Shirley

  • by Charlotte Bronte
  • Narrated by Anna Bentinck
  • 25 hrs and 59 mins
  • Unabridged Audiobook

Publisher's Summary

Set in the industrialising England of the Napoleonic wars, a period of bad harvests, Luddite riots, and economic unrest, Shirley is the story of two contrasting heroines and the men they love. One is the shy Caroline Helstone, trapped in the oppressive atmosphere of a Yorkshire rectory, whose life represents the plight of single women in the 19th century. The other is the vivacious Shirley Keeldar, who inherits a local estate and whose wealth liberates her from convention.

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Customer Reviews

Most Helpful

"As Romantic As Monday Morning"

I have read this book many times since the seventies but this was my first time with the audio version. I knew the story or thought I knew the story but Anna Bentinck's performance allowed me to understand things which I had missed entirely. She is wonderful. Her voice reveals the subtle humor and touches of playfulness of the story. The oppressive sense of loneliness or despair which figure in the Bronte sisters' works, Agnes Grey, Jane Eyre, Wuthering Heights or Villette is somehow replaced with optimism and hope.

Charlotte Bronte had a dust-up with her publisher over his praise of Jane Austen. Charlotte had some negative thoughts about Austen and was not shy in expressing them. After listening to this story, I now wonder if she wasn't influenced a bit after all. The Charlotte who wrote Jane Eyre and the one who wrote Shirley seem to be different writers. This story has dirt under the fingernails. Not to overstate the case, the sprinkle of comic characters would suggest an Austen influence. Now I have done it! The Bronte sisters will rise from their graves to pummel me as I sleep.

My title quotes the author describing her story I think with accuracy. If she were a portrait artist, her paintings would be in the fashion of Vincent van Gogh's "The Potato Eaters" or in the harsh interplay of shadow and light on the canvas of Edgar Degas. Charlotte Bronte paints with fine brush strokes one color, one image after another, piling them on the canvas until the ungainly rough features of her story takes form. Yet, there are even flashes of Johannes Vermeer's delicate brush strokes, brilliant colors and of love shinning in the eyes of the "Girl with the Pearl Earring". Sometimes she paints the delicate beauty of flower gardens in moonlight evenings but also of harsh, glaring Monday mornings, the gritty, sometimes mean realities and human flaws.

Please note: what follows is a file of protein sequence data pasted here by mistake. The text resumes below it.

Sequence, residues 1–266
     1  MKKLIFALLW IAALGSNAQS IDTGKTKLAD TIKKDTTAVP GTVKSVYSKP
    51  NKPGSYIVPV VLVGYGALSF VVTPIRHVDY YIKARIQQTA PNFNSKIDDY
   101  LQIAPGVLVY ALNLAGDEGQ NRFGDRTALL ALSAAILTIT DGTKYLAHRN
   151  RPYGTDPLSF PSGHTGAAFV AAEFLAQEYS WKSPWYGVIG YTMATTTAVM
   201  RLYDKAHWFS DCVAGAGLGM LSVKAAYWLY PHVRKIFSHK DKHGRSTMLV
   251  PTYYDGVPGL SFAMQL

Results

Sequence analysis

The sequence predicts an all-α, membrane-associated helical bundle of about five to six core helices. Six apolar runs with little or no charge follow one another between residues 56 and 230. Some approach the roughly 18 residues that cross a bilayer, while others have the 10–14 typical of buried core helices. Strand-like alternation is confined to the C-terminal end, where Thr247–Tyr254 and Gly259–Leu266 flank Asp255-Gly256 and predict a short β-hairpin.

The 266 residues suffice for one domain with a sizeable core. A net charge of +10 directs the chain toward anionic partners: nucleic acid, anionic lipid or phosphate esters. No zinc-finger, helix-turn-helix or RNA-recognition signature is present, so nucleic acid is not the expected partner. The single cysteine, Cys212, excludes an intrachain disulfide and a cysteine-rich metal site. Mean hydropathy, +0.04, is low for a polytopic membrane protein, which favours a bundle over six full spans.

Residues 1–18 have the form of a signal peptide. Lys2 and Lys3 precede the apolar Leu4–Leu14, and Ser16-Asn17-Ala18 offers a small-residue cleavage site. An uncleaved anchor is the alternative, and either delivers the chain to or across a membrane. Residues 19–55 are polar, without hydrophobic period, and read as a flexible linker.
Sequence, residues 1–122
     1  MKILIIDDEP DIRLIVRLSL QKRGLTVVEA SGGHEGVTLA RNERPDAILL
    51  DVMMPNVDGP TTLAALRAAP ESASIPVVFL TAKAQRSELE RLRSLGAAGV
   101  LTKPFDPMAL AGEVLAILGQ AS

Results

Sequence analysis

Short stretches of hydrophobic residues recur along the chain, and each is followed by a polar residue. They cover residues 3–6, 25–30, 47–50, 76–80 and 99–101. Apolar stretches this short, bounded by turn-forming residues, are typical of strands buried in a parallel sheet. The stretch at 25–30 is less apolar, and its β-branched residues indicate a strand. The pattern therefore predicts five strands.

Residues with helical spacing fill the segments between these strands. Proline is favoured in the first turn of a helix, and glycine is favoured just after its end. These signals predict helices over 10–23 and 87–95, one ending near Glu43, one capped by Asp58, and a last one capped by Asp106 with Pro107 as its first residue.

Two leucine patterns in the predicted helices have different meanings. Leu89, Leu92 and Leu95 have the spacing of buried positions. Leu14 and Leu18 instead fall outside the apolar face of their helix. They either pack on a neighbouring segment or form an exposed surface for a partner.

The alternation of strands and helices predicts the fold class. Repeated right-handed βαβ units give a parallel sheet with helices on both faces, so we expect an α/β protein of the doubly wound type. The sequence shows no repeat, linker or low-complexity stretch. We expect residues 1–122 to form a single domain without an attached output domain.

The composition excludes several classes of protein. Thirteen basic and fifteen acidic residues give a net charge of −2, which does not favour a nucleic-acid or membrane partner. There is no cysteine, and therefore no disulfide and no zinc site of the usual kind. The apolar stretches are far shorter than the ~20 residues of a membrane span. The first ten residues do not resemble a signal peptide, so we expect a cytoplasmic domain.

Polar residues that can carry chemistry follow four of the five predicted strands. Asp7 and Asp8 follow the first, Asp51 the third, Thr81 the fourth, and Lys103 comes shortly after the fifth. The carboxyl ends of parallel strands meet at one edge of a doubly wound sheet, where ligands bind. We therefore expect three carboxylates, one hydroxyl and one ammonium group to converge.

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- Joseph R

Holy Mackerel!

First, Anna Bentinck gives a spectacular performance. She is clear, well-paced, and gives different characters to all of the major persona. Not an easy task in a book that you need a playbill for just to keep up. I'll definitely seek out more by her.

"Shirley" is something of a sleeper in the Bronte canon. It's an interesting treatise on the independence and status of women in the early 19th century -- long before there was much feminist activism. The book has an interesting political and economic aspect. A quick look at the Wikipedia page on Luddites will put things in context if your British history is as lacking as mine.

But it is also tragically romantic and downright steamy even at points. Perhaps it's just a modern perspective that sees this as so obvious, but it is hard to imagine how this wasn't considered scandalous by Victorian moral standards. Of course, everyone keeps their clothes on, both feet on the floor and no one ever does anything more than briedly hold hands.

My book club selected this as our "long" summer read, and two of us finished before June had barely begun. Worth a read!
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- Regan

Book Details

  • Release Date: 08-29-2007
  • Publisher: ISIS Audio Books